Friday, October 30, 2009

Lambda expression

To implement a custom filtering or sorting of a LINQ query, simply implement LINQ lambda expression.

var mainLinqQuery = from someVar1 in someCollection select someVar1;

some while later after typing more lines of code.

var filteredLinqQuery = mainLinqQuery.Where(someVar2 => someVar2.someProperty == itemToFilterBy);

The result of the filtered LINQ query, filteredLinqQuery will be the specific result that we require.

Friday, October 23, 2009

Converting IList to List

I was working and had an error trying to cast from an IList type to a generic List type object.

After trolling the intertubes, I found the following, tried it out and what do we know; it works!

Step 1
Declare an empty generic list of whatever type you want.
eg: List object1 = new List();

Step 2
Use the AddRange method from the generic list class.
eg: object1.AddRange(IList_object);

Wednesday, October 14, 2009

Left Join revisited.

Remember my post on Friday, the 11th September 2009 about LINQ left joins?
Click here to navigate to the post

As I recently found out, should you attempt to left join 2 complex objects, you MUST instantiate the object of which will be null (the right sequence, object).

A better way to explain this is to provide an example.

C# code
List employeeList = new List();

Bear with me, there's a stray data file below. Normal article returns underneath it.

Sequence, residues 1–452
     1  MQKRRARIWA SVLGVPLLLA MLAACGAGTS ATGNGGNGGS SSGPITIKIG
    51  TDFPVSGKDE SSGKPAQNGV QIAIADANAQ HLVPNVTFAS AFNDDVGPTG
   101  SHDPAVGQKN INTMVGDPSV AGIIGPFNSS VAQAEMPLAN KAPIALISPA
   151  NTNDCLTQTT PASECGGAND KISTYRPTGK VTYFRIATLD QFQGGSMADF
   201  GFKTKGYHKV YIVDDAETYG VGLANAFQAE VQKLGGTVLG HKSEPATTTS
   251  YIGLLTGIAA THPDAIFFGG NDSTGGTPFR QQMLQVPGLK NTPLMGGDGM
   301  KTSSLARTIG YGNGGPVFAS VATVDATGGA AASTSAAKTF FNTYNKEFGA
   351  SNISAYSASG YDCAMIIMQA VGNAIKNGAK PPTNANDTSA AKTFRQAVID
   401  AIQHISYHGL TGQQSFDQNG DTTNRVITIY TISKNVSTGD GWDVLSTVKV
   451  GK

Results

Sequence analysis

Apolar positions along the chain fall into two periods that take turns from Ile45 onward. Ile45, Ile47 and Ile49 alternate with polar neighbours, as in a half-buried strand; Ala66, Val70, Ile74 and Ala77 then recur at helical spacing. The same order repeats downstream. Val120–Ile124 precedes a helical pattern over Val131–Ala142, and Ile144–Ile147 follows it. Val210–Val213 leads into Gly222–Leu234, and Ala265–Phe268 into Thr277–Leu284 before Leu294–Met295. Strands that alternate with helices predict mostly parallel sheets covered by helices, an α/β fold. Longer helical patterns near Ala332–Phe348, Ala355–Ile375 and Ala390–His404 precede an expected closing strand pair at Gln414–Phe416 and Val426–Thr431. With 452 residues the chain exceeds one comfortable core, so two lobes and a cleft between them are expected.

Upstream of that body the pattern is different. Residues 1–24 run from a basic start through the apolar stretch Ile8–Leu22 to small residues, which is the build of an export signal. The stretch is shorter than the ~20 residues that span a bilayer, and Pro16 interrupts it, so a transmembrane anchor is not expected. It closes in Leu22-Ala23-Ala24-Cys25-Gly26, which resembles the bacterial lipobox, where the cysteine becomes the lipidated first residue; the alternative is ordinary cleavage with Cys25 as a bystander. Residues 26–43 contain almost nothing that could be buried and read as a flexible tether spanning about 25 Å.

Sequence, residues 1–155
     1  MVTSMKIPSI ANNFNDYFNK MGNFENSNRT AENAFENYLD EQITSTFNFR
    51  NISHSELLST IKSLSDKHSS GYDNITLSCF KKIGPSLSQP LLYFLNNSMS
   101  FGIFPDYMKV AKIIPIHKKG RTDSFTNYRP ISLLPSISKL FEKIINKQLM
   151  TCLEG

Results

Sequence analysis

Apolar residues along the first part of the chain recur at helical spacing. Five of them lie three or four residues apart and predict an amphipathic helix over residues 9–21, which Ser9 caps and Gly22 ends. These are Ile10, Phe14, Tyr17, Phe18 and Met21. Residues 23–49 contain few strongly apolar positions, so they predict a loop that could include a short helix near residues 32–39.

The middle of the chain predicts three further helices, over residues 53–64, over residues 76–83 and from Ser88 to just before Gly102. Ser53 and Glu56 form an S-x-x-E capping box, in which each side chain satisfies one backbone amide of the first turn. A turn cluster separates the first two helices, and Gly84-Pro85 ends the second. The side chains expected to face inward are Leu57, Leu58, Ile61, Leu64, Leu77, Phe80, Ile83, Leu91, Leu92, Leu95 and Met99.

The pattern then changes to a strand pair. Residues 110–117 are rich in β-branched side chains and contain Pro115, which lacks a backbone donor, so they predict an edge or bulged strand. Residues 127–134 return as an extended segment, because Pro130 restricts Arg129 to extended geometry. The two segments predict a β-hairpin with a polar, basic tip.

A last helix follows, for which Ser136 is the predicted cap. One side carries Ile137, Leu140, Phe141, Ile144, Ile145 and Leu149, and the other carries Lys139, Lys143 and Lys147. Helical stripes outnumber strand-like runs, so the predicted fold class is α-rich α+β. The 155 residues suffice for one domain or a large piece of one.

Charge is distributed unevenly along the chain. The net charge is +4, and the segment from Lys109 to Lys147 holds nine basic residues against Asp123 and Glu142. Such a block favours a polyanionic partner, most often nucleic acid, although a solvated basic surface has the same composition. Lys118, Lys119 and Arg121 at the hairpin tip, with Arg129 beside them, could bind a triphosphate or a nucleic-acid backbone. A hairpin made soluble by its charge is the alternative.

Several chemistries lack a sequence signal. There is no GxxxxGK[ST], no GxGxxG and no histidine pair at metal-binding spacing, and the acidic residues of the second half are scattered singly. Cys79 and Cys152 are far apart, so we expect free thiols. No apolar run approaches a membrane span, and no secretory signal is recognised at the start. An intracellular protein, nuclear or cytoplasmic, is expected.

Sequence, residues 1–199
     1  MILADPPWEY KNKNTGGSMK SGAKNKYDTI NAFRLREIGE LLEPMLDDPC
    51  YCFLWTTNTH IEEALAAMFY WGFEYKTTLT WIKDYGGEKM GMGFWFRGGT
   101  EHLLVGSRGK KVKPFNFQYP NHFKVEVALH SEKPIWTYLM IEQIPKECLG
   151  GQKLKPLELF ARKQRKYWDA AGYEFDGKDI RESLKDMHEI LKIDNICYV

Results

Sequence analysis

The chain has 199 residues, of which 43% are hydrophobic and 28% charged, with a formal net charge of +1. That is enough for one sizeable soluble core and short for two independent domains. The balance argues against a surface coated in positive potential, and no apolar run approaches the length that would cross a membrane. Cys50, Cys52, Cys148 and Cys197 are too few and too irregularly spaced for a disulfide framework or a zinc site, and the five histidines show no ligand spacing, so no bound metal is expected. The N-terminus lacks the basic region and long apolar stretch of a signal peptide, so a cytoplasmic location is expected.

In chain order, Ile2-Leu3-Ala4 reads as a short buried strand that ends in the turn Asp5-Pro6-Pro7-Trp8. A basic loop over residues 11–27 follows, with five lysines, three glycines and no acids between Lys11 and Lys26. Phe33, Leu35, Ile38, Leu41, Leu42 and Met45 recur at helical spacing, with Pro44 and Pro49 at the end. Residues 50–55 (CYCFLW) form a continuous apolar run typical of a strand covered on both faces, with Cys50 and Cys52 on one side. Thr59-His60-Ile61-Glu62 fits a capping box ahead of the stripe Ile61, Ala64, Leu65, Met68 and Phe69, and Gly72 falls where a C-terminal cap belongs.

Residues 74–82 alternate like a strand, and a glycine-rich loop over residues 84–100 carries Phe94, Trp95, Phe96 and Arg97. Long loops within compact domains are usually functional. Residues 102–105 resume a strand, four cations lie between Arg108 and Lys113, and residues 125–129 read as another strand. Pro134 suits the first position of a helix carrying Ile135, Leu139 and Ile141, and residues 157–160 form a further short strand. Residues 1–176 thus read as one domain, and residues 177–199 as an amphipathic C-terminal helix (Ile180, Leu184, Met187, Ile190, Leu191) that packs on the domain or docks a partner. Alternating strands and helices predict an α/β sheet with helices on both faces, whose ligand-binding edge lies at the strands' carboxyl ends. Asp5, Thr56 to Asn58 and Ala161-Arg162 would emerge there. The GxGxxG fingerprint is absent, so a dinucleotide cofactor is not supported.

List companyList = new List();

var linqQuery = from eList in employeeList
join cList in companyList on
eList.CompanyId equals cList.Id
into joinEmpCompany
from jec in joinEmpCompany.DefaultIfEmpty(new Company())
select new
// insert whatever values you want here.

As you can see above, I instantiate a new Company object as there could be instances where the join will produce null results for the right-hand side (Company object).

Instantiating the Company object when using the DefaultIfEmpty function will allow LINQ to execute and not produce Null Reference errors.

Thursday, October 8, 2009

Access to Modified Closure error

I was LINQ-ing today and had this obscure error that didn't have much meaning to until I trolled the tubes and came up with Franc Bouma's blog.

Franc's blog

I realized the error and would like to point out that LINQ doesn't like empty or null values in the WHERE clause. Be careful unless you like to get a generic LINQ error and go bonkers and waste countless hours scratching your head wondering what went wrong.

  245         private void DoNothing(List<SomeObject.SomeClass> someList1, List<SomeObject.RoomRateType> someList2)

  246         {

  247             string rphValue = String.Empty;

  248             List<SomeClass> someClassList = new List<SomeClass>();

  249             SomeClass someObjectVar = new SomeClass();


  251             foreach (SomeObject.SomeClass someObjectVar in someList1)

  252             {

  253                 if (someObjectVar.RPHSpecified)

  254                 {

  255                     rphValue = someObjectVar.RPH.ToString();

  256                     var linqQuery = from rrl in someList2

  257                                     where (rrl.RatePlanCode == rphValue) && (rrl.Rates[0].Base.AdditionalFeesExcludedIndicator == true)

  258                                     select rrl.RoomRateDescription.Name;


  260                     foreach (var linqItem in linqQuery)

  261                     {

  262                         someObjectVar.MoreDescription += linqItem;

  263                     }


  265                     someObjectVar.RphCode = someObjectVar.RPH;

  266                 }

  267             }

  268         }

the "rphValue" variable can be null or empty and although I know that what I am doing may not cause any trouble, I am sure in some more complex situation, the results will be dire